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Webinar: Stay Home, Save Lives: Physical Activity, Sedentary Behaviour and Mental Health During the COVID–19 Pandemic

COVID-19: Reimagining physical activity and sedentary behaviour for health


Stay Home, Save Lives: Physical Activity, Sedentary Behaviour and Mental Health During the COVID-19 Pandemic
Limited work has considered the importance of lifestyle factors, such as physical activity, in the context of a global pandemic. In this seminar, we will cover two main areas of interest. First, how individual health behaviours, such as physical activity, can be beneficial for immune health and help in the prevention of serious illness following COVID–19 infection. Second, the impact of lockdowns around the globe on physical activity behaviour, sedentary behaviour and mental health.
For more details and to register for the event, please see hereWebinar details will be sent automatically to those registered.


Professor Mark Hamer (Institute of Sport, Exercise and Health, Research Department of Targeted Intervention, University College London)
We conducted the first large-scale general population study on lifestyle risk factors (smoking, physical inactivity, obesity and excessive alcohol intake) for COVID–19 using prospective cohort data with national registry linkage to hospitalisation. Participants were 387,109 men and women (56.4 ± 8.8 yr; 55.1% women) residing in England from the UK Biobank study. From 16 March 2020 to 26 April 2020, we recorded 760 COVID–19 cases serious enough to warrant a hospital admission. We will present results on dose-dependent associations between multiple lifestyle factors and risk of COVID–19. Based on UK risk-factor prevalence estimates, we will also present data on the population attributable fraction of severe COVID–19 related to unhealthy lifestyle.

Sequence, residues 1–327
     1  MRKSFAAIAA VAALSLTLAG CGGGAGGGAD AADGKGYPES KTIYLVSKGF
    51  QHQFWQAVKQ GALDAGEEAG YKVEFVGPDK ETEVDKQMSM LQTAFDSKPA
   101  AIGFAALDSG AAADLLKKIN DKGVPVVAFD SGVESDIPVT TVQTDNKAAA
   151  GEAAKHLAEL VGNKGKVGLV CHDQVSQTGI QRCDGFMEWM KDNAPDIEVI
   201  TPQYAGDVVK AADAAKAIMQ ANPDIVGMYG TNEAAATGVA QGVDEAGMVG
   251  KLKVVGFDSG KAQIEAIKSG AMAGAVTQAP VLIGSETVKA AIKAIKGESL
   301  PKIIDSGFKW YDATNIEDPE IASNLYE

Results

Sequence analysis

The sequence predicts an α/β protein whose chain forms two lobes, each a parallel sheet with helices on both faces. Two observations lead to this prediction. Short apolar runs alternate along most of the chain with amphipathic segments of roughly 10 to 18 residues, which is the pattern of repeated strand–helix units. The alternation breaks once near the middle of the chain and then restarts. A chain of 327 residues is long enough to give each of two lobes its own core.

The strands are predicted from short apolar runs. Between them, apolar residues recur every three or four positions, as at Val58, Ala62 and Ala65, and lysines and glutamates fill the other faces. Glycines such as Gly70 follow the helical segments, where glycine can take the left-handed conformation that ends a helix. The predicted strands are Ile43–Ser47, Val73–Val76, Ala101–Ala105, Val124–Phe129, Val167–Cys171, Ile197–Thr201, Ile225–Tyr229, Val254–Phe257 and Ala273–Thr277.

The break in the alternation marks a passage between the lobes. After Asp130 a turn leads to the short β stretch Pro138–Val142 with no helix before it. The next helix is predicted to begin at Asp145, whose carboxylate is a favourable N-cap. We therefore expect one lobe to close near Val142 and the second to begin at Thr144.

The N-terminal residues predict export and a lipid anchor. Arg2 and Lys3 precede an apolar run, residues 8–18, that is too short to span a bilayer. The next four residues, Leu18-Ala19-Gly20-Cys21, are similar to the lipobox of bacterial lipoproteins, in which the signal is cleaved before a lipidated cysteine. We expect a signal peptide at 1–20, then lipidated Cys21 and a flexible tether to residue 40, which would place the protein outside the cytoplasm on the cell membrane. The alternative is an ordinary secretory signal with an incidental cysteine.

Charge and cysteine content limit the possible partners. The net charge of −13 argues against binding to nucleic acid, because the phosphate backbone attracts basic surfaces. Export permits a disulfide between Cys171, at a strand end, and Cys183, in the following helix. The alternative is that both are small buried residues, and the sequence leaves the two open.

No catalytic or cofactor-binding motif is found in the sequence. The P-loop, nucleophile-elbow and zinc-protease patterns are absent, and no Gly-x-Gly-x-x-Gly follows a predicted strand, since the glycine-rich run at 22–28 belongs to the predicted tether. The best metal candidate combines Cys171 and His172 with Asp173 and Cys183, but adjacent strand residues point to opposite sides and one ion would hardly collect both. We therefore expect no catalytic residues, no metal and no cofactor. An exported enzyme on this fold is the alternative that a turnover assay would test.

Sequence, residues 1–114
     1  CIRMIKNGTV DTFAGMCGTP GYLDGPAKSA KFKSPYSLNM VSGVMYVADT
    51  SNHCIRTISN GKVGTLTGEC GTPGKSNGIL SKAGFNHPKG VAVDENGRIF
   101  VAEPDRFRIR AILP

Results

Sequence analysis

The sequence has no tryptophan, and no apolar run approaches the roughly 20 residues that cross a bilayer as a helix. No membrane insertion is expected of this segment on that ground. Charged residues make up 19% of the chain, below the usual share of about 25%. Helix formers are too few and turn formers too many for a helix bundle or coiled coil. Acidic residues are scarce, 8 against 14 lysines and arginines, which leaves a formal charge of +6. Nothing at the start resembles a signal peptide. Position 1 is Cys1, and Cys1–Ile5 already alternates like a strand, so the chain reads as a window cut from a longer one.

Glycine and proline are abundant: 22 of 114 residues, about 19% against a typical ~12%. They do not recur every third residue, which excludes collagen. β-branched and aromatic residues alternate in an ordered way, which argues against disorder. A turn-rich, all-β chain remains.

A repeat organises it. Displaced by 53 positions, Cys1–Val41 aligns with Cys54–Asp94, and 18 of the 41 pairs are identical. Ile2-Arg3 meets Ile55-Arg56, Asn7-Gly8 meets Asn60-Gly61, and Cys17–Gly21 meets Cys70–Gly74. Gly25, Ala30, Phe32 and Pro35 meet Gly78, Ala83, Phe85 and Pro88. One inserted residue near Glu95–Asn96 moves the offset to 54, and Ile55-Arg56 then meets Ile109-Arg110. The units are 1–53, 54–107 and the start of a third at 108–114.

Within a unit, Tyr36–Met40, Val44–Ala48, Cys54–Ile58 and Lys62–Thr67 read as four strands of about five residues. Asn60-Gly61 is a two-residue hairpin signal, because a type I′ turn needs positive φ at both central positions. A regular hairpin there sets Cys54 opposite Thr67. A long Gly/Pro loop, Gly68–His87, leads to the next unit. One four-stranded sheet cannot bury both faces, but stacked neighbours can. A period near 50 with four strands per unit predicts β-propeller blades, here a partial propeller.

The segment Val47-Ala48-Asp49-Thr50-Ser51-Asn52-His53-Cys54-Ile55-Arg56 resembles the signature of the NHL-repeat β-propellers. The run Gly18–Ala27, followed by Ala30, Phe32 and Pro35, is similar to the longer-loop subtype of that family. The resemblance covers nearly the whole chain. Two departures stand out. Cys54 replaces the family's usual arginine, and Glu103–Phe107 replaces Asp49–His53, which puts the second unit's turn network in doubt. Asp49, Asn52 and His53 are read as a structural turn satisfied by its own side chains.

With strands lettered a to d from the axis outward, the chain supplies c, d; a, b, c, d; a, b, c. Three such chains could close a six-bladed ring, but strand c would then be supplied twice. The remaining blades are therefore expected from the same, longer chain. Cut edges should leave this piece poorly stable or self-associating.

Professor Costas I. Karageorghis (Division of Sport, Health and Exercise Sciences, Brunel University London)
We investigated the effects of COVID–19 lockdown on physical activity (PA), sedentary behaviour and mental health across four Western nations (USA, UK, France and Australia). An online survey, rendered culturally specific for each nation, was administered in the second quarter of 2020 (N = 2,541; 41.7 + 16.0 yr; 76.3% women). Planned and unplanned dimensions of PA were assessed using the Brunel Lifestyle Physical Activity Questionnaire, and mental health using the General Health Questionnaire. Steps per day were recorded only from participants who used an electronic device for this purpose, and sedentary behaviour was reported in hours per day (sitting and screen time). Findings illustrate the deleterious effects of lockdown on PA, sedentary behaviour and mental health. Declines in mental health suggest that lockdowns can be particularly harmful for women.